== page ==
The Bachelor on the Cheap guide to making wine selection and food pairing easier - Malbec
This is the fifth of an ongoing series of wines and food pairings
Wine, it's the perfect beverage for a romantic dinner, a go-to for a casual get-together/party and a holiday meal is complimented by it. Whether it's a meal for two, a small party for friends or a gathering of family, having the right wine elevates the occasion.
And while most people follow the basic rule of thumb - red wine for beef and white wine for chicken - selecting the right wine can still be challenging. What KIND of red for that roast beef? Or, What KIND of white for that lemon chicken dish? Does dessert call for a different wine?
The choices are many and can be intimidating, with the reds there's Merlot; Cabernet Sauvignon; Zinfandel; Syrah/Shiraz; Malbec; Pinot Noir; Nebbiolo; Sangiovese; Grenache and all kinds of red blends to choose from.
With the whites there's Chardonnay; Sauvignon Blanc; Moscato; Pinot Grigio; Riesling; Gewurztraminer, Viognier, Torrontes, Albarino and yes, white wine has it's share of blends as well.
So you walk into the liquor store in need of a bottle of wine for a dinner date or special occasion...
Sure, you can rely on the store attendant to help you with a selection but that can be hit or miss. A good attendant will ask you if you prefer wines on the sweeter or dryer side and what you might be pairing it with. But keep in mind the attendant's palate is different than yours, their sweet and dry preferences are different than yours and they might try to push a particular brand on you that's in the store's best interest, not yours. So why not walk in the store knowing what you need? That's what this guide is for, to help you with food pairings, what is sweet, what is dry and getting a good wine for under $15 a bottle. That's the Bachelor on the Cheap wallet friendly thing to do, get something nice, without paying too much for it.
For previous reviews, click on the link below:
- The first wine and food pairing article featured Merlot.
- The second article featured Cabernet Sauvignon.
- The third article featured Zinfandel
- The fourth article featured Syrah a.k.a. Shiraz
Today's featured wine: Malbec
According to Wine Folly, Malbec has been a popular blending grape in France for years, but thanks to Argentina, Malbec has become popular in it's own right. This is a very fruity wine with a deep purple color and full body. Carrying notes of blackberry, black plum, and black cherry, the wine also has savory notes such as black pepper, spice, sweet tobacco and cocoa. Typically higher in alcohol content than other wines it also has a short finish, to mean it doesn't stay on your tongue long. Because of that short finish, Malbec pairs well with leaner meats like a flank steak rather than a ribeye. Pork loin dishes are a nice pairing as is poultry with dark meat and leaner cuts of lamb. Game meats such as bison, venison and ostrich are also good. For folks seeking lighter fare, Malbec pairs well with goat and blue cheeses. Mushrooms are excellent with this wine as are stuffed peppers. For dessert, think chocolate desserts and/or salty caramel. Serve Malbec in a wide bodied glass to take full advantage of the fruity aromas. And like other red wines, serve it slightly chilled, at 60 - 65 degrees (refrigerate for about 30 minutes before serving). And you've heard the phrase, "Let the wine breathe?" Malbec benefits from decanting (that means pour the wine out of the bottle and into a decanter for those of you who live in Haysville). Go with a Malbec made in Argentina, that's where the best ones come from.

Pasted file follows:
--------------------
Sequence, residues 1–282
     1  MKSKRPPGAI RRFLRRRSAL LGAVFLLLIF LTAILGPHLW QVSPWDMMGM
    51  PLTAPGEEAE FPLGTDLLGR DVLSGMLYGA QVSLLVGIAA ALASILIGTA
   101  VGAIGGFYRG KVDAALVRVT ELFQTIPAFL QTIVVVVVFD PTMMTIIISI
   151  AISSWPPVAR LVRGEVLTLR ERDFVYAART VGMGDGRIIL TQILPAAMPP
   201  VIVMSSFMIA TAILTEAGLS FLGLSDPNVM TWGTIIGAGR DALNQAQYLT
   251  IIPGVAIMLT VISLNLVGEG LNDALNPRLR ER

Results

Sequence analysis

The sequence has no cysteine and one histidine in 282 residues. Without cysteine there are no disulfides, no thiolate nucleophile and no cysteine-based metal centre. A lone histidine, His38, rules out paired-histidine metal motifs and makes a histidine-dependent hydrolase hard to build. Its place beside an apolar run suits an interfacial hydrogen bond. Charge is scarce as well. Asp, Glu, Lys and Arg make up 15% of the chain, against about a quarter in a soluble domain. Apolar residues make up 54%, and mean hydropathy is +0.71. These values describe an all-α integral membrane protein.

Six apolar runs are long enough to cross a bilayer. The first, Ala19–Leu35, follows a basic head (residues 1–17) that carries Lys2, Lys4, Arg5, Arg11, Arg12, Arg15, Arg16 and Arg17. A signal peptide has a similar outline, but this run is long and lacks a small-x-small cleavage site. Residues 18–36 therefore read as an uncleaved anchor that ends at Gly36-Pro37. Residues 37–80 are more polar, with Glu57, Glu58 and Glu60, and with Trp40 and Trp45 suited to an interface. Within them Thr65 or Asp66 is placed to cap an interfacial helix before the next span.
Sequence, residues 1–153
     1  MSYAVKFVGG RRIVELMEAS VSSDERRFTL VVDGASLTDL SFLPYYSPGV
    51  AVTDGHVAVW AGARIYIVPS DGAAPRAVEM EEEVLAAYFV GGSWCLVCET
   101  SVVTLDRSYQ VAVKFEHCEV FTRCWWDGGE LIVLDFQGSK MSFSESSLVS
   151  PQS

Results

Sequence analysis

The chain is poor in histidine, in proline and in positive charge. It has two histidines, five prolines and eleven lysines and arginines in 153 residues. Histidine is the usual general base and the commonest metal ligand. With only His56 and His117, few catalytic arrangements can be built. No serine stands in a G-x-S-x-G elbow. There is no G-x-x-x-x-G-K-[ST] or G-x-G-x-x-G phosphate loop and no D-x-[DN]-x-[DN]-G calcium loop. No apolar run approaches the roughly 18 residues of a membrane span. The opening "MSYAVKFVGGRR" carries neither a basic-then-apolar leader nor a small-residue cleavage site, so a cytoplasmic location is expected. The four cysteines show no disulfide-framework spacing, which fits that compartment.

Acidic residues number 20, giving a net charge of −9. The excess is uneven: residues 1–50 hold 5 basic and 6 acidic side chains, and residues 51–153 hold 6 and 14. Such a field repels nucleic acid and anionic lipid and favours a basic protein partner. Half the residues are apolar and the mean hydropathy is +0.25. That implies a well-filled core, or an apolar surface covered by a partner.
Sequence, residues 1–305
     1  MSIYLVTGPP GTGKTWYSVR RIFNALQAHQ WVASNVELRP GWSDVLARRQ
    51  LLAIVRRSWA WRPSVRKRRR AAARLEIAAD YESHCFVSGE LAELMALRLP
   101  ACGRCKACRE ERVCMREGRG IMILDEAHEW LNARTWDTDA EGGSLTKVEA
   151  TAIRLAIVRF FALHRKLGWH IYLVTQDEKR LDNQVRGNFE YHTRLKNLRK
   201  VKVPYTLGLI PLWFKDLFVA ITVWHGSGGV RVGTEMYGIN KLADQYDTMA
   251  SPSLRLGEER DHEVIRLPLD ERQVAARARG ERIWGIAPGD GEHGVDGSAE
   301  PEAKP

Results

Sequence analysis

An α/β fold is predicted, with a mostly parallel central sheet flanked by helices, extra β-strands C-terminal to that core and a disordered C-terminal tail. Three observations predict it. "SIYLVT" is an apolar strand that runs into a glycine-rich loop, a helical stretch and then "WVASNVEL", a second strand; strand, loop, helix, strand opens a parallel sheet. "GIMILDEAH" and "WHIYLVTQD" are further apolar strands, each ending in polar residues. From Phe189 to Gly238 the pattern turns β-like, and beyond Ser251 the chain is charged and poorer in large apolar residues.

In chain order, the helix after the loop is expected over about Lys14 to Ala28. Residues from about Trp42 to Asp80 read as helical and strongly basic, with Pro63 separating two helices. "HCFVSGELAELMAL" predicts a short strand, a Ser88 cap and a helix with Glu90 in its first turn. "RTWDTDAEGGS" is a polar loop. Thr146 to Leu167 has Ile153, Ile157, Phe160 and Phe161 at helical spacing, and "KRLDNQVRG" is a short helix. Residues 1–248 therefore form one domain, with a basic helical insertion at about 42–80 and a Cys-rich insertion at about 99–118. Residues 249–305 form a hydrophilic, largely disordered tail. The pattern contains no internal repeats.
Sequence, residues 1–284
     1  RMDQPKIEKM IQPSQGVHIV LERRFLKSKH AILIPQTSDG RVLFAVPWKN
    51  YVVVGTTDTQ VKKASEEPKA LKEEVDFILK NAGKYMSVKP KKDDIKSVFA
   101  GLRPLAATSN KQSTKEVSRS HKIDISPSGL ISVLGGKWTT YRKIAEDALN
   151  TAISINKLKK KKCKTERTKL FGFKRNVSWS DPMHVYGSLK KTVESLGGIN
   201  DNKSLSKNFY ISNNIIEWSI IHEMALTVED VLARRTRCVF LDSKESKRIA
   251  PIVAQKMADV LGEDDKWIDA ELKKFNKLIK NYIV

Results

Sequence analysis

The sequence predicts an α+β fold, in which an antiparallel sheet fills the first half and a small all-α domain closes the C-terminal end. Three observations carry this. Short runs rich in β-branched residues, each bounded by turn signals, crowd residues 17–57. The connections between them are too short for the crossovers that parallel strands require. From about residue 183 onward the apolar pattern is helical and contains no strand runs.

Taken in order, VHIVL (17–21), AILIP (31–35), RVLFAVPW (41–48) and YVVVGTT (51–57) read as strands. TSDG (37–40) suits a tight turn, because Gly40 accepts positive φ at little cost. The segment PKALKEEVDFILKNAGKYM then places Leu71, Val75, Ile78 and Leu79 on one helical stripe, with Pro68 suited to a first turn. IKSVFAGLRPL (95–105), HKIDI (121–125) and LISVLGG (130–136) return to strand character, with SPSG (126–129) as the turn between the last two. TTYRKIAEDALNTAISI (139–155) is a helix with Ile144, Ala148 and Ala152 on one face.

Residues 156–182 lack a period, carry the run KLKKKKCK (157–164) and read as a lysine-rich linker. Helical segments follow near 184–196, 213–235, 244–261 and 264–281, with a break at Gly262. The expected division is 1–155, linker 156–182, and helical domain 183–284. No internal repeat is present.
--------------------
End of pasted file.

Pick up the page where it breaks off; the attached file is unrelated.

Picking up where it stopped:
Bachelor on the Cheap Recomendation: Alamos Malbec - $10.99. Here's the description: Alamos Malbec captures the spirit and terroir of Argentina’s signature variety. Grown at high-level altitudes, our Malbec offers layers of dark cherry and blackberry with a velvety mouthfeel. This complex red wine pairs beautifully with a wide range of cuisine and is recognized for its pronounced freshness.
And something to consider, subscribing to a wine club. Here's one that I've tried and I have to say every bottle I sampled was something I would order again. WineShop at Home
Next Up in the series: Pinot Noir
$pend Wisely My Friends...